While it may seem appropriate to bundle your kids up during the winter months, parents are being reminded that bulky winter coats pose a danger to kids in car seats. Winter coats should never be worn underneath a car seat harness, as the material of the coat can compress in a crash, leaving the harness straps too loose to be effective. Car crashes are a leading cause of death nationwide for children under the age of 13, and according to the National Highway Traffic Safety Administration, three out of four children who die in accidents are not properly restrained in car seats. According to Child Passenger Safety Coordinator for Car Seats Colorado Tim Sutherland, a kid being strapped into their car seats with a coat is one of the more common car seat mistakes parents make in Colorado. Information to help you determine if your child’s coat is too bulky for a car seat is available below.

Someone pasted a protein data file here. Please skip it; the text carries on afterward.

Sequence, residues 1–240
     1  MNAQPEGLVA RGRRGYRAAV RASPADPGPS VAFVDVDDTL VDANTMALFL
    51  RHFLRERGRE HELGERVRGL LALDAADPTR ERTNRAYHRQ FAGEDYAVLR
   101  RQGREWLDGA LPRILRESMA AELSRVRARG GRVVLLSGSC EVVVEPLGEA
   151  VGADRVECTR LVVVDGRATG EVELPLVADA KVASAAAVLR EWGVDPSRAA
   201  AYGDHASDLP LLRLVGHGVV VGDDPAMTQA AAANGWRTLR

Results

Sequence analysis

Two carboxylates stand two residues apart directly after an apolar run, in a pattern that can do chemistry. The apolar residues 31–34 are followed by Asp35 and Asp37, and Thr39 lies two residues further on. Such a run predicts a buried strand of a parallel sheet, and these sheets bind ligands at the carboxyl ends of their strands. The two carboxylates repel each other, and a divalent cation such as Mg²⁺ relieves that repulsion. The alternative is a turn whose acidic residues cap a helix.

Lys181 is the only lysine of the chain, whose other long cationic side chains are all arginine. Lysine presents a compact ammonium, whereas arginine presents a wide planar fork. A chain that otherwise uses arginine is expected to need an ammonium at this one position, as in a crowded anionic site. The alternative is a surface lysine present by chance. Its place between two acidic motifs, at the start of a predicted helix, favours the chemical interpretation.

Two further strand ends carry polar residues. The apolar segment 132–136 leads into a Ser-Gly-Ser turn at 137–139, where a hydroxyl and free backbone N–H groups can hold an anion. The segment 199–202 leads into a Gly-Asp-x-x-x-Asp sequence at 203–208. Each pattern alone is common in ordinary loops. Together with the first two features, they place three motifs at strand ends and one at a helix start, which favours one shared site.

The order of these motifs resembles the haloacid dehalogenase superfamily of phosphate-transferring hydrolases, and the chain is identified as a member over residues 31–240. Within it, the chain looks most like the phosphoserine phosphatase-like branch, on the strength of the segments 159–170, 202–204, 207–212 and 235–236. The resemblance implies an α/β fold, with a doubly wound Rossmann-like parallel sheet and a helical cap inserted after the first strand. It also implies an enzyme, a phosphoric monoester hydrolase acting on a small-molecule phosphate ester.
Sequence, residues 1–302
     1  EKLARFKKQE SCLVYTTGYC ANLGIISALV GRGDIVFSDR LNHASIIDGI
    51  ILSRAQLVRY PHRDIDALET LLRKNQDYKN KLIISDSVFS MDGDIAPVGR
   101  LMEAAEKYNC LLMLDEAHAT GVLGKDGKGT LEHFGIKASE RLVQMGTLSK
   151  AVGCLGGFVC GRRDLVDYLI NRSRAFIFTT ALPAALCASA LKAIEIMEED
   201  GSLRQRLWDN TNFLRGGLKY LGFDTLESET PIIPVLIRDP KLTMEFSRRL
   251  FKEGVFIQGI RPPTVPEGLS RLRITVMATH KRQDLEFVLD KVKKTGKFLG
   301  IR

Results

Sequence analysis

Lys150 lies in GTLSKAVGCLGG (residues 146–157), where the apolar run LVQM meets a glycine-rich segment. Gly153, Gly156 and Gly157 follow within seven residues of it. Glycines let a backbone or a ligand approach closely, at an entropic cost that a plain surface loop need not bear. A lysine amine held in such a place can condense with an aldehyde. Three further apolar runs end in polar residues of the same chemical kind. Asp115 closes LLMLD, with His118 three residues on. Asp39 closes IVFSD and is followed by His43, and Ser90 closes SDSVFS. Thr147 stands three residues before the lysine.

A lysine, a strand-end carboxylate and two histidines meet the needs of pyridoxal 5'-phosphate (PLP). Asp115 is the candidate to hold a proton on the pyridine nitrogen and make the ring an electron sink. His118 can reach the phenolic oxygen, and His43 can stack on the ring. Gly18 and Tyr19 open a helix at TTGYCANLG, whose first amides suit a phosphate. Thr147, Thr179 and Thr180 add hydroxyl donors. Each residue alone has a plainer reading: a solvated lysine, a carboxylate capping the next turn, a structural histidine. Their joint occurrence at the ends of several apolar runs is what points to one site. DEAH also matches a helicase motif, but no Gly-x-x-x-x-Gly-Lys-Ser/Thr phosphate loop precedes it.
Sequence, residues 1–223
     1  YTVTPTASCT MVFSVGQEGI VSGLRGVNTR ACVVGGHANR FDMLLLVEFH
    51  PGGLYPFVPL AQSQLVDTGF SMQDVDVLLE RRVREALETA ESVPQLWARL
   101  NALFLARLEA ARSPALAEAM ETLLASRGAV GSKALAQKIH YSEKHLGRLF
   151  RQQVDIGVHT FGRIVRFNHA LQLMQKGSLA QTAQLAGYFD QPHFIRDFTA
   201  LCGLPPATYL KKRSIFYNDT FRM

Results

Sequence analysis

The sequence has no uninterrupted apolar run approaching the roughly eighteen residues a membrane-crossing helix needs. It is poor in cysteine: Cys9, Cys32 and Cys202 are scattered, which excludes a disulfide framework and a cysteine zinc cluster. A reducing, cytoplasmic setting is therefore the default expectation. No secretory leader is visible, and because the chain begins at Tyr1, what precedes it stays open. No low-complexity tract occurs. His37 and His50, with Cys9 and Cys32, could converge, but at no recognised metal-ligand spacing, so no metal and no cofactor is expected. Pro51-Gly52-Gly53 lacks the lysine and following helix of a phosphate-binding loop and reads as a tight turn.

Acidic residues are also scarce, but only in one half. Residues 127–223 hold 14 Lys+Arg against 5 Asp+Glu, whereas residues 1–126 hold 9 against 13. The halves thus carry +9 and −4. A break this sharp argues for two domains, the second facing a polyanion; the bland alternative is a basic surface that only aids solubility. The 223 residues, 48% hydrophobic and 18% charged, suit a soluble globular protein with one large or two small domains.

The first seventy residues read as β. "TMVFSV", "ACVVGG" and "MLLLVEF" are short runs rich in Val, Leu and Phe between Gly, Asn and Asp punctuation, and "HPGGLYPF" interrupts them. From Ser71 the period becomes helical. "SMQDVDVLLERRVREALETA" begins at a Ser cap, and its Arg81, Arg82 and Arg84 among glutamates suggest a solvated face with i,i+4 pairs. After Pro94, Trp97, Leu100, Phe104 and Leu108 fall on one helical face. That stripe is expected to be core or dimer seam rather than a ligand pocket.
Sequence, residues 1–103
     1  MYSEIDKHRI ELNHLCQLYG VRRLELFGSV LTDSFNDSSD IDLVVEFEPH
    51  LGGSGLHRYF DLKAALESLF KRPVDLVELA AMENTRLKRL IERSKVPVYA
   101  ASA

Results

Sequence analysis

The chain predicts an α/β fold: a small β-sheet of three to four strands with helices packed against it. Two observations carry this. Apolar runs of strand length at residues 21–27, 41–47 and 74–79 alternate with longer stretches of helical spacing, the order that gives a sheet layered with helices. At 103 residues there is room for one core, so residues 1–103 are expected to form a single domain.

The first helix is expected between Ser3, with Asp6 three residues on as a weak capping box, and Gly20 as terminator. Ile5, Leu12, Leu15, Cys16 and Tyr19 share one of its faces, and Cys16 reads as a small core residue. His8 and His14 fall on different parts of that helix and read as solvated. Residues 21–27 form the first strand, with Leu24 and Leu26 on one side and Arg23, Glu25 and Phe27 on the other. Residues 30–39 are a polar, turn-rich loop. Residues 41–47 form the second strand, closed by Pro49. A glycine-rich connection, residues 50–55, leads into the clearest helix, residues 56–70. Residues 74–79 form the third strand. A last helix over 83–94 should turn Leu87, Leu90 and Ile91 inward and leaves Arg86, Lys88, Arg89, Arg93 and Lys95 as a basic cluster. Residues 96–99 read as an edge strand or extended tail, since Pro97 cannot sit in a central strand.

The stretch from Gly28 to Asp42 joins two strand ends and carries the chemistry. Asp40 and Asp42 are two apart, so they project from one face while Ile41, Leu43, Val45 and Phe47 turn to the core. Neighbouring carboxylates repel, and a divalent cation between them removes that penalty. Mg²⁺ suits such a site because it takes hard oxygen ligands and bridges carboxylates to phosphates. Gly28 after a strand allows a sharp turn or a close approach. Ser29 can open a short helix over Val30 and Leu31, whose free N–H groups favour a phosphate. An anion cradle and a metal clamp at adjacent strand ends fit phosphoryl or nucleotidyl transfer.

How do you know if your child’s coat is too bulky?
- Put the coat on your child and strap them into their car seat. Tighten the harness until you can’t pinch any excess strap between your thumb and forefinger (this is the “pinch test” to make sure the harness is tight enough).
- Without loosening the harness, remove your child from the car seat.
- Take the coat off, put your child back in the car seat and buckle the harness.
- Now try the pinch test again — if you can pinch excess fabric on the shoulder strap then the coat is too bulky to be worn under the harness.
Here’s what to do instead:
- For infants and smaller children, put a blanket over the child in the car seat to keep them warm. Do not cover the entire car seat with the blanket — this can restrict air flow and may lead to carbon dioxide poisoning.
- For toddlers and older children, you can put a blanket over the child after they’ve been strapped into the harness, or turn their jacket around and put their arms through it backward to keep warm.
- Be very careful not to overheat your child — a baby bundled up with blankets in the car while the heat is blasting can quickly lead to overheating.